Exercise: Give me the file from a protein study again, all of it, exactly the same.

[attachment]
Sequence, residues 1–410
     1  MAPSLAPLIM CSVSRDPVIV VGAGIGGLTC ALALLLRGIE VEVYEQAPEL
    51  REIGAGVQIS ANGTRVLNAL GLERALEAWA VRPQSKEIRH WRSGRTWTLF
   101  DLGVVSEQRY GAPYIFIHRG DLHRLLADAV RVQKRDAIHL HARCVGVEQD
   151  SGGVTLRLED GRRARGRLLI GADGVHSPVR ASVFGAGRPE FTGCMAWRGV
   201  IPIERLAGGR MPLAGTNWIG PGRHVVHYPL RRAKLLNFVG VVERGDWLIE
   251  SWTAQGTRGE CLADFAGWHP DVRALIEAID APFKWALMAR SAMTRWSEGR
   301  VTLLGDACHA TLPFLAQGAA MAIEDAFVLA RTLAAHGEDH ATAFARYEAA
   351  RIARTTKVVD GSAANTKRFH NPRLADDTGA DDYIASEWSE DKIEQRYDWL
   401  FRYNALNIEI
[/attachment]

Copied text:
Sequence, residues 1–410
     1  MAPSLAPLIM CSVSRDPVIV VGAGIGGLTC ALALLLRGIE VEVYEQAPEL
    51  REIGAGVQIS ANGTRVLNAL GLERALEAWA VRPQSKEIRH WRSGRTWTLF
   101  DLGVVSEQRY GAPYIFIHRG DLHRLLADAV RVQKRDAIHL HARCVGVEQD
   151  SGGVTLRLED GRRARGRLLI GADGVHSPVR ASVFGAGRPE FTGCMAWRGV
   201  IPIERLAGGR MPLAGTNWIG PGRHVVHYPL RRAKLLNFVG VVERGDWLIE
   251  SWTAQGTRGE CLADFAGWHP DVRALIEAID APFKWALMAR SAMTRWSEGR
   301  VTLLGDACHA TLPFLAQGAA MAIEDAFVLA RTLAAHGEDH ATAFARYEAA
   351  RIARTTKVVD GSAANTKRFH NPRLADDTGA DDYIASEWSE DKIEQRYDWL
   401  FRYNALNIEI